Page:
The first goal of the ID approach is to tease out from the original version of the Brief the specific project requirements, and filter any unnecessary restriction, specificity or industry standards that accidentally restrict or constrain solutions. Conversely, ID also sets out to ensure that where the client does have identifiable requirements, these are clear and measurably embedded. To the UK construction industry, this will be a recognisable goal; it is often cited that any successful building requires “a good client” or “a good brief” – ID effectively pushes the client to use their design team’s expertise to assist in creating “a good brief”.
How much input is required will, of course, vary from project to project. For large end-user organisations, some months investigating the business operational processes are likely to deliver benefits for the effectiveness of the end result, for smaller developments or those without known end users, a few weeks of review within the core team and client may flush out the most significant ‘unintended consequences’ in the original brief and set the goals for the project.
The concept stage
Having politely rewritten the client’s brief so the client gets what they need, not what they asked for, the core design team are then challenged in the ID process to think both analytically and creatively. Here the challenge is to work collaboratively across a series of concept designs that should be markedly different in their design approaches.
Each of the concepts is developed through a combination of workshops and design work by core team partners to form a basic ‘massing’ model that appears to satisfy the requirements of the revised Brief. These early concepts should then have basic energy modelling undertaken to estimate their performance. The outputs of the energy modelling should then form part of the analysis of each scheme undertaken by the client and core team in a workshop, with each scheme being critiqued on how they deliver the client’s requirements, and how energy intensive they are in doing so.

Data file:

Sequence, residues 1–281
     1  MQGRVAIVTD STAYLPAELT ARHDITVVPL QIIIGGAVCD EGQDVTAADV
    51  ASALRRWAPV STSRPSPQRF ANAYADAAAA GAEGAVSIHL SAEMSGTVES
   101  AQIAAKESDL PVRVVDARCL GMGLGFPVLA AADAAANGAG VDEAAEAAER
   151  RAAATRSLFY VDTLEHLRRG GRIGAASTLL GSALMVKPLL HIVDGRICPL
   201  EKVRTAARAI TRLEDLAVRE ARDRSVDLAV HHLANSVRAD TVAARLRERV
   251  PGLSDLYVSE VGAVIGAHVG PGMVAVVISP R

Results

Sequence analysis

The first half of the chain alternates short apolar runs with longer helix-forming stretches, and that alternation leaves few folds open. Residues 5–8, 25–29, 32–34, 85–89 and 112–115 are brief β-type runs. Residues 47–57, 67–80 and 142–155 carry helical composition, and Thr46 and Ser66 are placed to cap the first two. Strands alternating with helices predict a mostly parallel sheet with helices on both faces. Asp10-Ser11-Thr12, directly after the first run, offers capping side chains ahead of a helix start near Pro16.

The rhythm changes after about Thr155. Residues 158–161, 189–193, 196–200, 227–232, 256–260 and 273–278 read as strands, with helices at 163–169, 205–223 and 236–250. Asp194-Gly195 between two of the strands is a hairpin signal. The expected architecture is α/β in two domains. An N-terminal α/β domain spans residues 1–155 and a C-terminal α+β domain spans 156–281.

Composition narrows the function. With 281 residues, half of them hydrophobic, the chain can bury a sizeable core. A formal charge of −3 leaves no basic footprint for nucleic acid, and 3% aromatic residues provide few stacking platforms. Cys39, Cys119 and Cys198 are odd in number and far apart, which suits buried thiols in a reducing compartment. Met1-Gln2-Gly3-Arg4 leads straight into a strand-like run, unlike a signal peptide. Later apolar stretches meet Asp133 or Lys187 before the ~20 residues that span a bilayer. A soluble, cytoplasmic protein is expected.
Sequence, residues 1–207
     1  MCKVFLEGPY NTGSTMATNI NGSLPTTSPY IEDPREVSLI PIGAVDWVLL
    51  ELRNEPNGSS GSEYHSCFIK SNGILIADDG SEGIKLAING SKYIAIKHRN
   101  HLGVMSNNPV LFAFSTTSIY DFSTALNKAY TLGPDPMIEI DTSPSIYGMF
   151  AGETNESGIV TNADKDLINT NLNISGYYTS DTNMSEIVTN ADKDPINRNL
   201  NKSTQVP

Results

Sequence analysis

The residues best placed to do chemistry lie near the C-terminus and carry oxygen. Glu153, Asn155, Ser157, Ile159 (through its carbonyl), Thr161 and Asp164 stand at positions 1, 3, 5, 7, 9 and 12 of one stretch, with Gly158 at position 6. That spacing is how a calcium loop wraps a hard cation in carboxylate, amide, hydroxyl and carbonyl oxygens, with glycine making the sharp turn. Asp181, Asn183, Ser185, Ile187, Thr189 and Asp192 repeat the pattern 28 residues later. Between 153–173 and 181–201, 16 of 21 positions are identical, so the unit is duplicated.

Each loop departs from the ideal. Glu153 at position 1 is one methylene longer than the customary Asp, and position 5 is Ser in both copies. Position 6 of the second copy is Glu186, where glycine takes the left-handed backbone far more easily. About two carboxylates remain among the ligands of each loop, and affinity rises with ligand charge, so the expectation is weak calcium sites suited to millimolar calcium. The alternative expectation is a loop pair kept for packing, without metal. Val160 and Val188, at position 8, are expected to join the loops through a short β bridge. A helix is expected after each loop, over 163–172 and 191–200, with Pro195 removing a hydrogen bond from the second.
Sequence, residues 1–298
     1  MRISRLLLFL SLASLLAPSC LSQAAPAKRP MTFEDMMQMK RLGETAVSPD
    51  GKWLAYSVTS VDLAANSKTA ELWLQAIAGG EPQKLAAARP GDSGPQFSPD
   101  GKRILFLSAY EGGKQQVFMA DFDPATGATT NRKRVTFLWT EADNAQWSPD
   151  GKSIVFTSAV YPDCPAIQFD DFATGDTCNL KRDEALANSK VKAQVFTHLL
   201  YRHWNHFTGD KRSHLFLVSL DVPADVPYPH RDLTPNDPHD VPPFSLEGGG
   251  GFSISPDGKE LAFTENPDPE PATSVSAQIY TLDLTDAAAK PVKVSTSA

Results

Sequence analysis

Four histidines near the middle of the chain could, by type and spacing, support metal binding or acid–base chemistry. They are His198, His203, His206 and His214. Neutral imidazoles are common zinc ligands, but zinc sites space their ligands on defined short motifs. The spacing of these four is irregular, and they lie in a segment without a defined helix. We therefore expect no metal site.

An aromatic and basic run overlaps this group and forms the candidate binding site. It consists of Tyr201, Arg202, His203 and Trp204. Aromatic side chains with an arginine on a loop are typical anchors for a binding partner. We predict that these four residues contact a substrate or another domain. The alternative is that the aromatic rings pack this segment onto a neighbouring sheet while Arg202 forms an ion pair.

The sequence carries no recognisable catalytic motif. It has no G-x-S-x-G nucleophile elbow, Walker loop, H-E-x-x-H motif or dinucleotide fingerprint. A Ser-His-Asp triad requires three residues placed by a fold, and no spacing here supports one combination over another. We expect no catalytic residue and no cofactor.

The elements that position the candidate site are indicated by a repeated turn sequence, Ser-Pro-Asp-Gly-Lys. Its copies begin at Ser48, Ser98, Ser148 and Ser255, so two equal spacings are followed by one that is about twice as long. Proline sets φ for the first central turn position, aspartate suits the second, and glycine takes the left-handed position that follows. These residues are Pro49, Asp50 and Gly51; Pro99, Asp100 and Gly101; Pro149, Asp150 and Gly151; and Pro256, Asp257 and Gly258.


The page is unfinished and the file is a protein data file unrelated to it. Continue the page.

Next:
The results from the first analysis can then be fed into further rounds of development for one or more of the schemes, and the collaborative processes repeated to provide new concept designs for analysis. The intent is for the design process to throw open a wide net but rationalise this as an optimum solution that considers operational energy (although ID doesn’t prescribe that the lowest energy scheme should be considered the best; the final choice remains the prerogative of the (now informed) client.
Implementing good construction practice
Things become a little more prosaic once the preferred scheme concept design has been selected. Collaboration between the core team should be maintained, of course, and new team members inducted to understand the principles underlying the scheme and Client Brief (something frequently not given sufficient time). Similarly, key Client Brief goals should be embedded in any construction contracts and monitored for delivery through both the detailed design and construction processes – ideally also through the post completion occupation as well. However, putting aside the possible lack of emphasis on good collaboration, much of the remainder of the ID process is simply implementing good UK construction practices; establishing and monitoring against key targets through the design, Partnering ‘Pain/Gain’ contracts, Soft Landing provisions and the like.
ID therefore provides a semi-structured method of tackling the challenges of the earliest design decisions for a client, and in doing so aims to ensure that informed decisions are made over both the content of the Brief and the choice of the early concept design. This enables the client to understand the consequences of their decisions, especially in terms of energy, and so can make informed decisions about their priorities.
Andrew Sutton (RIBA) is Associate Director, BRE South West and also sits on the Steering Group of Wales Low/Zero Carbon Hub.
The research carried out by BRE and its partners was within the MaTrID project part funded by the Intelligent Energy Europe. Further information about the project can be found on the BRE website and also the EU project website.